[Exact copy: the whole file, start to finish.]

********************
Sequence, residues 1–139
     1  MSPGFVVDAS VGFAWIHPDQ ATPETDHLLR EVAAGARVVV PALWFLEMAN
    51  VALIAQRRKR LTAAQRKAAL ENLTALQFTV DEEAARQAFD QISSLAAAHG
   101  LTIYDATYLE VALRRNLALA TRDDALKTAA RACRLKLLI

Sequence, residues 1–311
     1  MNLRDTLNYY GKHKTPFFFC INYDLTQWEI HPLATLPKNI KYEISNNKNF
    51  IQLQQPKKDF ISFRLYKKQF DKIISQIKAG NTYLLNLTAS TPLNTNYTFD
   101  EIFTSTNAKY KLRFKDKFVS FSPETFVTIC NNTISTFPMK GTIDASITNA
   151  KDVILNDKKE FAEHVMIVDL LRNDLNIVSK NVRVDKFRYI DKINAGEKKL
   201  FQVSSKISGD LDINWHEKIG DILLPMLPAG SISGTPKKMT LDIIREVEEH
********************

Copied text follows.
Sequence, residues 1–139
     1  MSPGFVVDAS VGFAWIHPDQ ATPETDHLLR EVAAGARVVV PALWFLEMAN
    51  VALIAQRRKR LTAAQRKAAL ENLTALQFTV DEEAARQAFD QISSLAAAHG
   101  LTIYDATYLE VALRRNLALA TRDDALKTAA RACRLKLLI

Sequence, residues 1–311
     1  MNLRDTLNYY GKHKTPFFFC INYDLTQWEI HPLATLPKNI KYEISNNKNF
    51  IQLQQPKKDF ISFRLYKKQF DKIISQIKAG NTYLLNLTAS TPLNTNYTFD
   101  EIFTSTNAKY KLRFKDKFVS FSPETFVTIC NNTISTFPMK GTIDASITNA
   151  KDVILNDKKE FAEHVMIVDL LRNDLNIVSK NVRVDKFRYI DKINAGEKKL
   201  FQVSSKISGD LDINWHEKIG DILLPMLPAG SISGTPKKMT LDIIREVEEH